With their bright colours and unique patterns, clothing from the African continent are easily recognisable by many. The patterns and style of clothing differs greatly from region to region, bringing about a comfortable, casual style that is quickly catching on around the world. Hold tight to your chairs, because we are about to introduce to you a world of African cultural clothing that is sure to blow your mind!
This is a colourful garment that is similar to the kitenge, and typically worn by women residing in Eastern Africa. Put simply, it is a piece of printed cotton fabric, filled with various patterns and colours that go from the very dark, to the very bright and colourful. They are relatively comfortable to wear, as they are merely wrapped around the waist as an accompaniment to the other clothing the bearer wears.
Kangas have existed since the 19th century, and were originally printed and made in India, the Far East and Europe. However, since the mid-20th century, they began more production in African countries such as Tanzania, Kenya and many more.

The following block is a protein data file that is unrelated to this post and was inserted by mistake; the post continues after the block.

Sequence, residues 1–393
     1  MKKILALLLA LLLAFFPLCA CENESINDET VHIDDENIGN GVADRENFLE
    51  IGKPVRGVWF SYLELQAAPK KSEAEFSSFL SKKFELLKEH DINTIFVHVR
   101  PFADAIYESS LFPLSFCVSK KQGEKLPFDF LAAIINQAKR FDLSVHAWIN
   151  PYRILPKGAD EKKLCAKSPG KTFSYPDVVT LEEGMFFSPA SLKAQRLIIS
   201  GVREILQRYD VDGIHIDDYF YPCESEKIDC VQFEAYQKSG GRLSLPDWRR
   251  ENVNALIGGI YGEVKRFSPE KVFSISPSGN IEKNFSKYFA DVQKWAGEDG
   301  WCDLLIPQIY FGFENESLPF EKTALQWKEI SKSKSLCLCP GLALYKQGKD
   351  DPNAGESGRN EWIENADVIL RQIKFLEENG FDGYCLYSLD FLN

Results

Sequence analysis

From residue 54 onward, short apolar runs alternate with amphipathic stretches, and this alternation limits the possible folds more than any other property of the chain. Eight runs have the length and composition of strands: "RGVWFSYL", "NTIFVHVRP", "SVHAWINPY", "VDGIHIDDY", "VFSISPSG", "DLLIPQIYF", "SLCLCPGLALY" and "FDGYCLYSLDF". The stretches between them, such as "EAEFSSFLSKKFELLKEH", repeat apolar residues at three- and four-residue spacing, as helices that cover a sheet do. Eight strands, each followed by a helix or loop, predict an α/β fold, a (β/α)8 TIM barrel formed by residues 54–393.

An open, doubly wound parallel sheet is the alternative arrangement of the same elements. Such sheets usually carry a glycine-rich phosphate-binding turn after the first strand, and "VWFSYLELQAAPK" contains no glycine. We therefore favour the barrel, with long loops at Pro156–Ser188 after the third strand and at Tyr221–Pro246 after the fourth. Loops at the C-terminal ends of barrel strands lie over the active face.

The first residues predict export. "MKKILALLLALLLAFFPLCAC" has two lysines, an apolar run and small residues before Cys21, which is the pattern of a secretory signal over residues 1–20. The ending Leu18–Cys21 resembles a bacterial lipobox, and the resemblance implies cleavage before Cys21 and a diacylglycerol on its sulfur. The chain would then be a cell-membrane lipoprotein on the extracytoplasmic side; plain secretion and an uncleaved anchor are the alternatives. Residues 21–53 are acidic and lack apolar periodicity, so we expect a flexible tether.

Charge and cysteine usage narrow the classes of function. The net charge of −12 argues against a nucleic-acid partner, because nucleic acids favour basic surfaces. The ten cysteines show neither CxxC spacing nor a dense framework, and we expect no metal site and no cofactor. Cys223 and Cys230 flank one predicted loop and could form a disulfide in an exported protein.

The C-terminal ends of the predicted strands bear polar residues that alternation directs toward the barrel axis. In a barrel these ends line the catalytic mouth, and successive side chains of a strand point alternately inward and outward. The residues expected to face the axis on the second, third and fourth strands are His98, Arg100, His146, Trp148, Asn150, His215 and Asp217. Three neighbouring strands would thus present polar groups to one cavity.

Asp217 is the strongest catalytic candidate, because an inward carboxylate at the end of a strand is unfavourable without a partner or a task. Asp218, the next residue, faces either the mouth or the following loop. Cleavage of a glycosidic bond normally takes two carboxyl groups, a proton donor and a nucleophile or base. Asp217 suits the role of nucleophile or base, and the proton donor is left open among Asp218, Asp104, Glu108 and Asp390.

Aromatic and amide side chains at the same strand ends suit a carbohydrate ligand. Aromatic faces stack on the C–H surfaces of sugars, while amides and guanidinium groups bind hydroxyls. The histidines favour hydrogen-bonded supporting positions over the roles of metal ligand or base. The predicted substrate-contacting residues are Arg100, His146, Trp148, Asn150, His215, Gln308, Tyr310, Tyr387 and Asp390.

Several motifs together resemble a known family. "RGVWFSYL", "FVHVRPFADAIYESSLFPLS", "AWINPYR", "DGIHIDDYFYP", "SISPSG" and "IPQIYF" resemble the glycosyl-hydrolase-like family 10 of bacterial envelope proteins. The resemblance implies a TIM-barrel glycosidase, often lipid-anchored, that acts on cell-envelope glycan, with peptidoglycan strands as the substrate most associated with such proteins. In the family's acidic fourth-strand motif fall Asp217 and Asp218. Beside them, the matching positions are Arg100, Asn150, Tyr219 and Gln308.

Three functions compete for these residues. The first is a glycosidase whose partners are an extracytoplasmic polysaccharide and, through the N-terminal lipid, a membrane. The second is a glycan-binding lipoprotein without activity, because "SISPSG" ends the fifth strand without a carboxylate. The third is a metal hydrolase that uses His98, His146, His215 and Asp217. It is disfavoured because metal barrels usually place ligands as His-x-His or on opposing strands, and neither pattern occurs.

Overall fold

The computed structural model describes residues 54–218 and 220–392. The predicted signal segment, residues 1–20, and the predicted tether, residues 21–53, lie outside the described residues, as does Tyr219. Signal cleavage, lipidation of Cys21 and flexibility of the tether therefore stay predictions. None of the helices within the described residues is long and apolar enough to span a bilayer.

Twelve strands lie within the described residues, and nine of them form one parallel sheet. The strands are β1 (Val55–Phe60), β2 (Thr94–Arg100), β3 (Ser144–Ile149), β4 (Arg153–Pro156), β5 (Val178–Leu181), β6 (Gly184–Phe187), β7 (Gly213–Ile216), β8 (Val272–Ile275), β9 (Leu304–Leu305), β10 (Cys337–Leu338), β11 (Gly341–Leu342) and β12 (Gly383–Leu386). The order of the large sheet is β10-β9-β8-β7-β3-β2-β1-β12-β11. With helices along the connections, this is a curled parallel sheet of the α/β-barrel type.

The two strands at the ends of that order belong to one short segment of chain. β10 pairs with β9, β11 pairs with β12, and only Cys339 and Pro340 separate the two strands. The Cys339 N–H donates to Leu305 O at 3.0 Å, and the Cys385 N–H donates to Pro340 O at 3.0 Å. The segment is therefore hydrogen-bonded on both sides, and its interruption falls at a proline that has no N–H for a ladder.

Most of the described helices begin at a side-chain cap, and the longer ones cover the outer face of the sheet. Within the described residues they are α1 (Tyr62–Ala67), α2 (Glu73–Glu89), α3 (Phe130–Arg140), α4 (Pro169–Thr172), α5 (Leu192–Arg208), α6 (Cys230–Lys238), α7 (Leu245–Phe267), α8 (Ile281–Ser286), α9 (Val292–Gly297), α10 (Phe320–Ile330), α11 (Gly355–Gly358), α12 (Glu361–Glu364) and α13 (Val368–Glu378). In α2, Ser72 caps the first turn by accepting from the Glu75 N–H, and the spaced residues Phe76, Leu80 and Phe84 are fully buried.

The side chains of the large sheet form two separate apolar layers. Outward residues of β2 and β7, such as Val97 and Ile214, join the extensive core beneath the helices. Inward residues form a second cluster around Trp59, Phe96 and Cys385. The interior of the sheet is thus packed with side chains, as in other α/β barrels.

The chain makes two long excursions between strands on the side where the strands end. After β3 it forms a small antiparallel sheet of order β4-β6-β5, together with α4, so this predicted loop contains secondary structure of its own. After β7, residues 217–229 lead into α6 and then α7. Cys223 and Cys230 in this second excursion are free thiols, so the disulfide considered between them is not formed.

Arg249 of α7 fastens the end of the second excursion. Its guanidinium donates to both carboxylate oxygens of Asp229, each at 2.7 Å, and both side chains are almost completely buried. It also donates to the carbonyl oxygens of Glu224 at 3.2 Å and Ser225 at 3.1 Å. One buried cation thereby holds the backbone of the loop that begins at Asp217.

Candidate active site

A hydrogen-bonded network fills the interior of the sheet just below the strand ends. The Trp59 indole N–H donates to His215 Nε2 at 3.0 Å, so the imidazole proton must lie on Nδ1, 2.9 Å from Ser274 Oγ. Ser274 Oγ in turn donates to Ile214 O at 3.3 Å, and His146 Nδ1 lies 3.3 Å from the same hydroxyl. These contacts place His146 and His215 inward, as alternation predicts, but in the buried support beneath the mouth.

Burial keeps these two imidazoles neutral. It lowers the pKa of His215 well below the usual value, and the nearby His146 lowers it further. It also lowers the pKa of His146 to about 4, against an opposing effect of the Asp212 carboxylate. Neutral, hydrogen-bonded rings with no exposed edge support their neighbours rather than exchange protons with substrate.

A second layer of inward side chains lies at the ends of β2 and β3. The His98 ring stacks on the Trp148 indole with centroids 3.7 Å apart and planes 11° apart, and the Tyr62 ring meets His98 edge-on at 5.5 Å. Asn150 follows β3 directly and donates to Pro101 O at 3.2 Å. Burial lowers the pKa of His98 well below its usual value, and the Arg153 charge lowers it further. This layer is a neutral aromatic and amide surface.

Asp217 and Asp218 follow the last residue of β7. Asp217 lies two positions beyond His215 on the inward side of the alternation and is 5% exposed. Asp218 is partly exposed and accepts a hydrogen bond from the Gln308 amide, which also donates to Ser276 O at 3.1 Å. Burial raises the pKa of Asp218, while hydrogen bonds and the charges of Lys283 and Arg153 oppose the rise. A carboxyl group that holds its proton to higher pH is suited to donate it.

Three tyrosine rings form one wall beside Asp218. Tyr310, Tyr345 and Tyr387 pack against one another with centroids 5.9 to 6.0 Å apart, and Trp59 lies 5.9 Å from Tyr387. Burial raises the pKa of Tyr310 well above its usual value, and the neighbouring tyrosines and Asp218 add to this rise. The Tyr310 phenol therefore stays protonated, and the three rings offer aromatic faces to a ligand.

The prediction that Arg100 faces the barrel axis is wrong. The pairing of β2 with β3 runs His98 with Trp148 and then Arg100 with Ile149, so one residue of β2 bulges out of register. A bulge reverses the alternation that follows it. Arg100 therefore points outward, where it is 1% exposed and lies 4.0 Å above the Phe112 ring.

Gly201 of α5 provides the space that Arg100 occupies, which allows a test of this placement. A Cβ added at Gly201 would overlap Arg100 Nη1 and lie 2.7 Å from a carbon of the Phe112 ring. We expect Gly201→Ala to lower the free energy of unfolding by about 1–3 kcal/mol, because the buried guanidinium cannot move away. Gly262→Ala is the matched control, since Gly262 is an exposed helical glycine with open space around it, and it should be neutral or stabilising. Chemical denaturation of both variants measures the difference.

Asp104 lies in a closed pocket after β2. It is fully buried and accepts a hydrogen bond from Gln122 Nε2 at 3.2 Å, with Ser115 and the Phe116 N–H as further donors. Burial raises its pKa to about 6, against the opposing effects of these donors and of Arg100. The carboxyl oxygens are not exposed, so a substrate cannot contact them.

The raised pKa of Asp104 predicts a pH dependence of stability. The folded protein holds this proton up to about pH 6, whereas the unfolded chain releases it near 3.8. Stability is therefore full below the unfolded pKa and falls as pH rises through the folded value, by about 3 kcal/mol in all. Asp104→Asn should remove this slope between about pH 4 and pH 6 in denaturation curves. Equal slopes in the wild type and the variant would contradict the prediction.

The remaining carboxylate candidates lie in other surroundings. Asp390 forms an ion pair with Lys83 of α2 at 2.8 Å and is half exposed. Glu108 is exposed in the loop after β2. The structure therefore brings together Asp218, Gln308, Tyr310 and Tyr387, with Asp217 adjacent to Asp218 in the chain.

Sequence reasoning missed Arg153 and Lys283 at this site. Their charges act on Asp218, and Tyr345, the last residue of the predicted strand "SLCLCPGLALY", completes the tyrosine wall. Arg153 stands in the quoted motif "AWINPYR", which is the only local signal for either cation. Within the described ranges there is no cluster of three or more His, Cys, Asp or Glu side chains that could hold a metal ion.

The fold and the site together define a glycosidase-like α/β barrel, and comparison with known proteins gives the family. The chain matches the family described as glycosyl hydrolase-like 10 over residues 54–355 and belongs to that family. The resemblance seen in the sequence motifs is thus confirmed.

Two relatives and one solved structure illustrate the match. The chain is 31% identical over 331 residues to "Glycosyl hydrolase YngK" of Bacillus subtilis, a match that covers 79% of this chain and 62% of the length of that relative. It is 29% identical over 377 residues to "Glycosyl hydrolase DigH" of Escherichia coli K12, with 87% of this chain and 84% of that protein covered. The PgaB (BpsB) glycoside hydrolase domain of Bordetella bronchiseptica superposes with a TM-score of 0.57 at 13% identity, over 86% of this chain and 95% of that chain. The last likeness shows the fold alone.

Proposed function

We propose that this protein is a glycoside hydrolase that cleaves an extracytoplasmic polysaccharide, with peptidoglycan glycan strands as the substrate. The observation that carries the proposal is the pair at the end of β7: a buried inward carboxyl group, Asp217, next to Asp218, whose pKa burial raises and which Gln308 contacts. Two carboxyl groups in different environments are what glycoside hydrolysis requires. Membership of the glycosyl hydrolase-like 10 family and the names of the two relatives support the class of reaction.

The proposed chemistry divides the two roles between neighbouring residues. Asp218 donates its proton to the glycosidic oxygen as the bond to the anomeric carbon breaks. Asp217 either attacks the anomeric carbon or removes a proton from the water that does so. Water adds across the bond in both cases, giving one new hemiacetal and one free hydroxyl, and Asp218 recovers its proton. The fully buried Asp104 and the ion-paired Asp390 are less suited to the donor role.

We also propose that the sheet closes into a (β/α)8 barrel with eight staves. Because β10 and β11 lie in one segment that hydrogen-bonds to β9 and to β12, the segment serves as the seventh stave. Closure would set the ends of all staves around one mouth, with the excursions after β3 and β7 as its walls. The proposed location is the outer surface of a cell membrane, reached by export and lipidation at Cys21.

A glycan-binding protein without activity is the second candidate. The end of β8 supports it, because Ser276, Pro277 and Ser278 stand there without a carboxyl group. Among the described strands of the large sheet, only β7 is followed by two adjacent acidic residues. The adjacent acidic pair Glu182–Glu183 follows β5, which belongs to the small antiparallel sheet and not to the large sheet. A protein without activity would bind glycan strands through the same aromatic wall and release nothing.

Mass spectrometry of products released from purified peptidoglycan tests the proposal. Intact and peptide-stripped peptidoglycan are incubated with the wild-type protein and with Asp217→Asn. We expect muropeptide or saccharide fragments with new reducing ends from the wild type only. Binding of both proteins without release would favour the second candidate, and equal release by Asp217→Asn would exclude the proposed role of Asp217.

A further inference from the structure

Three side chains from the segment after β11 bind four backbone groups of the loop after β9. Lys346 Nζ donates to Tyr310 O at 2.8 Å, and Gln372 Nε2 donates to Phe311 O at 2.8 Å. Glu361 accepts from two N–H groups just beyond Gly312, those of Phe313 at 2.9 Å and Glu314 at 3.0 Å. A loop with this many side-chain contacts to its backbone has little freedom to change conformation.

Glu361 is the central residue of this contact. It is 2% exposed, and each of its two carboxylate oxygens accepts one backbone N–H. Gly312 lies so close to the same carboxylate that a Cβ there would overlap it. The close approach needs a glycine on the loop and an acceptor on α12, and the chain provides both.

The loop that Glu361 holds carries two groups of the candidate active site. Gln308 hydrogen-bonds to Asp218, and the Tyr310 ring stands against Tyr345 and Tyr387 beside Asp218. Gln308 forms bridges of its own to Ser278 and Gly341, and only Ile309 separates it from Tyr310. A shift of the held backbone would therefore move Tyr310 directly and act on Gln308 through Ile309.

A piece of traditional Sudanese clothing, the thawb is a long, wrap around cloth worn on top of a shirt, and shorts or skirts. Usually worn by women, they can be made from cotton, satin, polyester, jersey, denim and many more. Style-wise, they can be highly fashionable as they are known to be designed very intricately and beautifully.
While white thawbs are usually favoured by older women, youths tend to opt for more colourful ones, alongside accessories. They are extremely important in Sudanese culture, as the style and quality of one’s thawb shows their status and social class.
Native to Ghana, this is a cotton and silk fabric made of interwoven cloth strips and is native to the ethnic Akan group of South Ghana. Also known as nwentom, it is also worn by many other groups who have been influenced by the Akan ethnic group. In the past, this cloth was only reserved for an Akan royal, and was considered sacred cloth only to be worn in times of great importance by an Akan king.
However, over time, the use of kente became more widespread, though the importance is still highly regarded by the Akan people.
A kente is characterised by weft designs woven into every available block of plain weave, also known as the adweneasa. The Akan people typically choose their kente clothes based on their names and favourite colours and patterns, before the cloth is named accordingly.